I attempted to reproduce the results for one task from the VLMs are Blind paper. Specifically, Task 1: Counting line intersections. I ran 150 examples of lines generated by the code from the project with line thickness 4. I started with the prompt: How many times do the blue and red lines intersect? using the model claude-3.5-sonnet with temperature 0. The paper reported 73.00% correctness for claude-3.5-sonnet with thickness 4.
I’m trying something a bit new, writing some of my thoughts about how the future might look based on patterns I’ve been observing lately. From where I’m sitting, it seems language models are positioned to become an indispensable tool for the software engineer. While there continues to be advancement in model-driven agents which can autonomously accomplish software-creation tasks of increasing complexity, it’s not clear if or how long it will take these to completely replace the job function responsible for writing, testing, deploying and maintaining software in a production environment.
I spent some time working with Claude Artifacts for the first time. I started with this prompt I want to see what you can do. Can you please create a 2d rendering of fluid moving around obstacles of different shapes? In effort to not spend this whole post quoting prompts I need to figure out a better way to share conversations from all the different models I interact with, including multi-modal models.
Temporal provides helpful primitives called Workflows and Activities for orchestrating processes. A common pattern I’ve found useful is the ability to run multiple “child workflows” in parallel from a single “parent” workflow. Let’s say we have the following activity and workflow (imports omitted for brevity) Activity code @dataclass class MyGoodActivityArgs: arg1: str arg2: str @dataclass class MyGoodActivityResult: arg1: str arg2: str random_val: float @activity.defn async def my_good_activity(args: MyGoodActivityArgs) -> MyGoodActivityResult: activity.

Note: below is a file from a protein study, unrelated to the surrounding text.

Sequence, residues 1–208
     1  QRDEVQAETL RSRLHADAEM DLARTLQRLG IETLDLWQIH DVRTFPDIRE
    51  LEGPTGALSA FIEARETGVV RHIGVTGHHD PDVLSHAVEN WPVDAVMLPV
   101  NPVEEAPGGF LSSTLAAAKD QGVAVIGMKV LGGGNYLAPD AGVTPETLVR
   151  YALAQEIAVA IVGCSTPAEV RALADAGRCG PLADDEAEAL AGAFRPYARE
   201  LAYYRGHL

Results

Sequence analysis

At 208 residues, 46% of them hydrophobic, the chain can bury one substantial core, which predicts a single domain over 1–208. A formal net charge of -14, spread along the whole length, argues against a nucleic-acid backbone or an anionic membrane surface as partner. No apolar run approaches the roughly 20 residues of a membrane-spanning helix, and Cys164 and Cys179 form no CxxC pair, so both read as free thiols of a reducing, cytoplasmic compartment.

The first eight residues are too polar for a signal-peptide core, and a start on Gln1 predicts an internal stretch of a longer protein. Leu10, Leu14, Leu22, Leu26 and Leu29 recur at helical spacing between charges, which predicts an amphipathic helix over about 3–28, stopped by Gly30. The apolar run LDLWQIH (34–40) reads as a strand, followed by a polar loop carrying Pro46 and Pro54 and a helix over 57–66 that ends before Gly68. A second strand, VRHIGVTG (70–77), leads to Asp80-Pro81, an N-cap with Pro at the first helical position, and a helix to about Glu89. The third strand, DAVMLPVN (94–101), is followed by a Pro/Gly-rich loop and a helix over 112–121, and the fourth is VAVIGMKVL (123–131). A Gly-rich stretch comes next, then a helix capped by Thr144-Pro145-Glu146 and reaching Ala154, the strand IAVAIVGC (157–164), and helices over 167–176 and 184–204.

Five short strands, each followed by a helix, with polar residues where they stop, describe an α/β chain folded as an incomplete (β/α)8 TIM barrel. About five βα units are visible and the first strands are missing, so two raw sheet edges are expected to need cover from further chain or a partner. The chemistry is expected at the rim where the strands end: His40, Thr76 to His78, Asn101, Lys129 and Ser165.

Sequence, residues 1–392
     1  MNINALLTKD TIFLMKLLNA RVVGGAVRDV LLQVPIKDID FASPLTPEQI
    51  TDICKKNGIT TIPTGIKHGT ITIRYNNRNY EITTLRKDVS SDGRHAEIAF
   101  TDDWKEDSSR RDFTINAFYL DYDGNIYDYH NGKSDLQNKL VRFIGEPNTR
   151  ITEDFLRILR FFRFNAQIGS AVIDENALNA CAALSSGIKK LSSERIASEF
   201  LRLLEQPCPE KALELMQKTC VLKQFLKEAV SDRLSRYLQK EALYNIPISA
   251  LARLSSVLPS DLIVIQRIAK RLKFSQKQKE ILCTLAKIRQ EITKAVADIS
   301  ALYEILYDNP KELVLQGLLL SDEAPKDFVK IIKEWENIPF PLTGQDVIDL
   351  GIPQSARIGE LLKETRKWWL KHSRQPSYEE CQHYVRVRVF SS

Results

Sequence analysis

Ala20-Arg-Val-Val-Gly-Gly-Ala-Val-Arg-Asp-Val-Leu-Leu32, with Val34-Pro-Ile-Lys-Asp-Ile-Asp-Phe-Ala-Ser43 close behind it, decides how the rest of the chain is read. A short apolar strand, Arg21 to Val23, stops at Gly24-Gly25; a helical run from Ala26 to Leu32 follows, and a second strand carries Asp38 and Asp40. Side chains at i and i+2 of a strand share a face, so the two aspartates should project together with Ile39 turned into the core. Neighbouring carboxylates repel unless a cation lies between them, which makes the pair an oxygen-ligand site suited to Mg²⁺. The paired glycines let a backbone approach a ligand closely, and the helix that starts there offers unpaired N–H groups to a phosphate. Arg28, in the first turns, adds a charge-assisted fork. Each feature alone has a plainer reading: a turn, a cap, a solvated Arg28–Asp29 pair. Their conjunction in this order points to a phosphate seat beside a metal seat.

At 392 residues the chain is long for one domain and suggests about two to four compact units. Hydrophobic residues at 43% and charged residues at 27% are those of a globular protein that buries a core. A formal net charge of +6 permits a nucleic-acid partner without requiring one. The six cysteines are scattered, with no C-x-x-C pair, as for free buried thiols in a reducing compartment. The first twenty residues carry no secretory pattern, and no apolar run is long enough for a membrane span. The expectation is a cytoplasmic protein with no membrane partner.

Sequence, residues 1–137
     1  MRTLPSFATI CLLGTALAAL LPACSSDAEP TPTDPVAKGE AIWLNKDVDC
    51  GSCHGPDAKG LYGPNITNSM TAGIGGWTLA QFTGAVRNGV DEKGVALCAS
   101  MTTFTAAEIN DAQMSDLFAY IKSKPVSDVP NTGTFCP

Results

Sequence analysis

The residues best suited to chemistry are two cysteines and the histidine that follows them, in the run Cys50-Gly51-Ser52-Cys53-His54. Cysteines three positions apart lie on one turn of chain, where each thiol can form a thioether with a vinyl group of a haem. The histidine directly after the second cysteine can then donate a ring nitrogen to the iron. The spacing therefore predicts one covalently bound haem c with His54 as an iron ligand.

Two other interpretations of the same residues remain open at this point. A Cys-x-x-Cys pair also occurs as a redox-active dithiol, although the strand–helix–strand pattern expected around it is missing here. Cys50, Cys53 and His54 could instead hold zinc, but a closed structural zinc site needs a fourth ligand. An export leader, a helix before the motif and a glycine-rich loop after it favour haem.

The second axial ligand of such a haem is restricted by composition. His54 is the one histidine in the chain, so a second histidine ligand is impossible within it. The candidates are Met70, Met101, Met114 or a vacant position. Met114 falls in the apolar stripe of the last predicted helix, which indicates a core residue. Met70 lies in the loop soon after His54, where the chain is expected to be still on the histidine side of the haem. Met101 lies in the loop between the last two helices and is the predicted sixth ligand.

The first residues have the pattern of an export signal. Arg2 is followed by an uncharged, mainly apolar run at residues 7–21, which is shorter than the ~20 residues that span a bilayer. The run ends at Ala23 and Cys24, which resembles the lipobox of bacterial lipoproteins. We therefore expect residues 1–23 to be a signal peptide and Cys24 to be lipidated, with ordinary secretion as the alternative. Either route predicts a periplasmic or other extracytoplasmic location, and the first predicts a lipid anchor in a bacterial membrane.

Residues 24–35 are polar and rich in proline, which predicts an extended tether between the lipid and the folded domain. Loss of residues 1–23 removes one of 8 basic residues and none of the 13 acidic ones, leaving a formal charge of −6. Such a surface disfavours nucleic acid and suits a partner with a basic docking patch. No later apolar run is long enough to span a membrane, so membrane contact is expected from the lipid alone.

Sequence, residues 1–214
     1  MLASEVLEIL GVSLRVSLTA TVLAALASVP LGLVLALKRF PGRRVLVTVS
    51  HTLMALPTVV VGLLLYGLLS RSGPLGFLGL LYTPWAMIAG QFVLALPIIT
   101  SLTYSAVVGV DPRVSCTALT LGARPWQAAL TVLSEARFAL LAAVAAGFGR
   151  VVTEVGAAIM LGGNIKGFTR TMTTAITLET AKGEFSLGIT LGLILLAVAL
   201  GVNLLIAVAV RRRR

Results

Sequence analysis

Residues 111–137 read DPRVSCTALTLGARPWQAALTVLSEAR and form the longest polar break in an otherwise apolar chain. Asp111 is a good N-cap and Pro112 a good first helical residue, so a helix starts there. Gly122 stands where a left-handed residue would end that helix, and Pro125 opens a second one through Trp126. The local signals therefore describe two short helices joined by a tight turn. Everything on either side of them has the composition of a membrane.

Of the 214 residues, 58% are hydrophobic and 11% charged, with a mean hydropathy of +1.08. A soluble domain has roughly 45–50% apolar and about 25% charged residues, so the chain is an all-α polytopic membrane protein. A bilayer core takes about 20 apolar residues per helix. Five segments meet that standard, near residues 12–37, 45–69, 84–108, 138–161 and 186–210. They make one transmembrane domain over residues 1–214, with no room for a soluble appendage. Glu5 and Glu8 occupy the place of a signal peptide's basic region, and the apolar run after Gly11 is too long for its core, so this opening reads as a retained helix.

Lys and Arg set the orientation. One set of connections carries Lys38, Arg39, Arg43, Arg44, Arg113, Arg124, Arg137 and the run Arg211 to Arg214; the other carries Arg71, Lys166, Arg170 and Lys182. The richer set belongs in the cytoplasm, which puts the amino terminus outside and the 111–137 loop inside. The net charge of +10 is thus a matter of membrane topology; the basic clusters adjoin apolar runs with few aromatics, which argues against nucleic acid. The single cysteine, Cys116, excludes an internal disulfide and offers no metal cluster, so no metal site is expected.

I spent some time experimenting with multi-modal model (also called vision models on the ollama site) to see how they perform. You try these out with the CLI ollama run <model> but I opted to use the ollama Python client. I didn’t find explicit documentation in the README on how to pass images to the model but the type hints in the code made it pretty easy to figure out and there are several examples around Github.
One of my favorite things to do with language models is to use them to write code. I’ve been wanting to build a variation on tic-tac-toe involving a bit of game theory. I called it “Tactic”. I wasn’t even really sure if the game would be any more interesting than tic-tac-toe itself, which reliably ends in draws for any players who understand the basics of the game. Rather than explain too much, I’ll show the prompt I wrote for claude-3.
Model-based aggregators I watched Simon’s Language models on the command-line presentation. I am a big fan of his Unix-approach to LLMs. This also inspired me to play around more with smaller models to continue developing an intuition for how these things work. I was quite interested in his script which he used to summarize comments on an orange site post at 26:35 in the video. This script got me thinking about the future of information consumption more deeply.
I completed Barbara Oakley’s “Learning How to Learn” course on Coursera. The target audience seems to be students, but I found there were helpful takeaways for me as well, as someone who is a decade out of my last university classroom. The course introduces a mental model (no pun intended) for how the brain works by contrasting two modes: focus mode and diffuse mode. Being in one of these modes prevents you from being in the other.
I’ve been using Pocket for a long time to keep track of things on the web that I want to read later. I save articles on my mobile or from my browser, then revisit them, usually on my desktop. Some articles I get to quickly. Others remain in the stack for a long time and can become stale. Periodically, I scan through everything I’ve saved and do a bit of house cleaning.
Generative AI and language models are fun to play with but you don’t really have something you can confidently ship to users until you test what you’ve built. What are evals? Evals are like the unit tests for LLMs. Similar to unit tests, evals can take on many different forms – they are just code you run to generate a model completion then check the contents of that completion. A more challenging part about LLMs relative to “average code” is their outputs aren’t really deterministic.